Inviting the audience to ‘experience Illyria as you have never seen it before; an iridescent and perilous realm’, Oxford University Drama Society’s summer tour production of ‘Twelfth Night’ promises to revitalise Shakespeare’s comedy of misadventure and false identity. I spoke to director Max Gill about interpreting the fantasy world of Illyria and its inhabitants, the practical challenges of staging a touring show, and the importance of music and design in this production.
Why did you choose to stage ‘Twelfth Night’?
Because I think it’s one of Shakespeare’s most difficult plays to direct and conceive of. It teeters all the time between an overt comedy with lots of ridiculous situations, while at the same time there are elements of tragedy and quite troubling psychological portraits of people. As a director it makes you have to make quite bold decisions in what you’re doing, which is quite scary and potentially risky, but the freedom it gives you is really satisfying.
Has working with a student team and younger actors given you greater freedom?
I think so. I try and instill an atmosphere in the rehearsal room where everyone’s opinion is valid, no matter what role they play, whether they’re part of the production team or a musician. It’s very collaborative and I think young people starting off really appreciate that because it’s everyone’s show, not just the main actor or the director or producer’s show. Because these actors are young and dynamic they are willing to try things out, be bold and make mistakes about things which might not work out in the end but we can really play around with them. The group is really experimental and open to new ideas, and in that way it’s been a real pleasure to work with them.
How do you try and strike a balance between your directorial ideas and a more collaborative effort?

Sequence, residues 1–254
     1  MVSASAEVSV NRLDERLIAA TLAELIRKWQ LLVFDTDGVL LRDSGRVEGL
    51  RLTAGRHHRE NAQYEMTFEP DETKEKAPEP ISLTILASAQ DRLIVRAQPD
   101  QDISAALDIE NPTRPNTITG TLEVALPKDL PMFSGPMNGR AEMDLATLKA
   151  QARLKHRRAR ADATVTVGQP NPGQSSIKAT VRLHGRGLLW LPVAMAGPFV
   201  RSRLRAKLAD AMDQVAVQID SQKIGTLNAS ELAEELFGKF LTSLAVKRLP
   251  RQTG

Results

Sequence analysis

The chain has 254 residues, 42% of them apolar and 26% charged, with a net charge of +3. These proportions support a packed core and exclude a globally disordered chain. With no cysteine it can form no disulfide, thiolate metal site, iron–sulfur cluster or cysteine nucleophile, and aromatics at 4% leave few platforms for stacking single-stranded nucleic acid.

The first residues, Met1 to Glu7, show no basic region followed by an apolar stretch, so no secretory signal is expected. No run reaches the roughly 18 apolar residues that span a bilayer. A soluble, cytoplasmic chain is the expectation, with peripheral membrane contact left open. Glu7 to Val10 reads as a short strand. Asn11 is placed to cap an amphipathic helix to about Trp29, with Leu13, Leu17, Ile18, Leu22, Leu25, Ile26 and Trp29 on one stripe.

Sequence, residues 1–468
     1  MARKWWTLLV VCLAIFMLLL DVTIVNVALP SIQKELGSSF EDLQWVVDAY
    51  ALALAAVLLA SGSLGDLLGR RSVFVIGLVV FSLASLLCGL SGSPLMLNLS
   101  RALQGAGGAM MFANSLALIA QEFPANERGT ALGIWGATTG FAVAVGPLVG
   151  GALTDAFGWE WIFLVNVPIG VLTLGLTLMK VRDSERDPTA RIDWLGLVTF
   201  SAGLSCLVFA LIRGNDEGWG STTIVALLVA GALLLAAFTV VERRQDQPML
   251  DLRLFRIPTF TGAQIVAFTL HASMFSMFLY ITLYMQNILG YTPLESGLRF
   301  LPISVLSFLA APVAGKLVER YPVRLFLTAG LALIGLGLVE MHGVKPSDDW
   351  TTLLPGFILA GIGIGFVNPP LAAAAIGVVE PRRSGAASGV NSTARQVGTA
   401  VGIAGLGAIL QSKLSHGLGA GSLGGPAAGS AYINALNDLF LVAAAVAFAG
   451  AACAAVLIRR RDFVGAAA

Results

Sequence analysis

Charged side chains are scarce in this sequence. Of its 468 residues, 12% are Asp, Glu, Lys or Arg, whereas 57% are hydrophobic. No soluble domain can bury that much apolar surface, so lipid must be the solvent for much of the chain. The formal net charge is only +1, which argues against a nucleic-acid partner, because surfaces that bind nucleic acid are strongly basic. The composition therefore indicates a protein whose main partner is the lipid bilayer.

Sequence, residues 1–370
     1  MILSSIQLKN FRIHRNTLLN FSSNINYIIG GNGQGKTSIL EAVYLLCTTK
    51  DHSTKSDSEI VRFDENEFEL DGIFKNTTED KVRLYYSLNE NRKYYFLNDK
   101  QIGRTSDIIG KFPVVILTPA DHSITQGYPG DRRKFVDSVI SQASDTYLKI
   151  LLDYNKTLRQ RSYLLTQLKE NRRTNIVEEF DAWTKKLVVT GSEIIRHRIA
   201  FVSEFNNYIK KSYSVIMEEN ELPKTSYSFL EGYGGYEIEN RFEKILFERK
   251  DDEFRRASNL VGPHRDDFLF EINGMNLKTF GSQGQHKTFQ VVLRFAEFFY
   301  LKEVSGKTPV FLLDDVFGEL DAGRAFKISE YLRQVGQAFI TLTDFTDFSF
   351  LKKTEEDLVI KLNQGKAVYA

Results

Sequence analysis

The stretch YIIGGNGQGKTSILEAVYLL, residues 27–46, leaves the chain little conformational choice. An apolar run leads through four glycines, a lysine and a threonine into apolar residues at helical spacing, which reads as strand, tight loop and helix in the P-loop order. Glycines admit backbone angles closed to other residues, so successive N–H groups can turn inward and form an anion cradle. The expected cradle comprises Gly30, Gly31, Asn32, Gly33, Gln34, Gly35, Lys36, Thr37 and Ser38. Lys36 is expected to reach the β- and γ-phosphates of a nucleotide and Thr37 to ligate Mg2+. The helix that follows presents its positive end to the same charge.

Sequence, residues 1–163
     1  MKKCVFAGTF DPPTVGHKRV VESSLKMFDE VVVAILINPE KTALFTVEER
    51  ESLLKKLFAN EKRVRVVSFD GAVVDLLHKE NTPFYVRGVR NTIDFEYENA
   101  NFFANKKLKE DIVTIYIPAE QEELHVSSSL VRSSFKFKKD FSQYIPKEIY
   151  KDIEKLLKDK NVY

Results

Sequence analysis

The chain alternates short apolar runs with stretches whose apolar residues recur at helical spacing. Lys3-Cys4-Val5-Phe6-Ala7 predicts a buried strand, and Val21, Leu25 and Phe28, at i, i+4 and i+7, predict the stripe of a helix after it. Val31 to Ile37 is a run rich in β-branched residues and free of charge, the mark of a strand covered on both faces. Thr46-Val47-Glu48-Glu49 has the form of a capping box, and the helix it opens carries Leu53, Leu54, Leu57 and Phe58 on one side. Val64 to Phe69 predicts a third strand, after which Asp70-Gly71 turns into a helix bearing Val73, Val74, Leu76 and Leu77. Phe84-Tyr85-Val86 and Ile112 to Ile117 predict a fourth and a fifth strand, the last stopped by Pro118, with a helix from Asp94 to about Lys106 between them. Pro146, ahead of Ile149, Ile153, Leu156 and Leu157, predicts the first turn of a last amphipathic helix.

It’s important to set up the basics – a parameter and a framework within which the actors can play. You set the boundaries and within that the important thing is that the actors feel that this is always a decision which they understand personally, and they’re never doing something which they’ve been told to do and they’re not 100% behind. I always feel that if they don’t know what they’re doing at any point, 99% of the time that’s entirely my fault.
Duke Orsino © Oxford University Drama Society
What sets your ‘Twelfth Night’ apart from any other?
It’s set in a place called Illyria which is one of those Shakespearean places where you’re not really sure where it is. Geographically it’s somewhere near Turkey and Greece, but that’s sort of irrelevant to the story. What we’re experimenting with is the idea that Illyria is a kind of psychological landscape, a state of mind. At the beginning there’s a shipwreck which brings Viola to the island, and we’re playing around with the fact that Viola might potentially have died on this shipwreck, and that she has slipped into an otherworld. Illyria becomes something like an afterlife and a liminal space which is a fusion of all periods of time mixed together. In some way it represent essential or timeless aspects of human nature.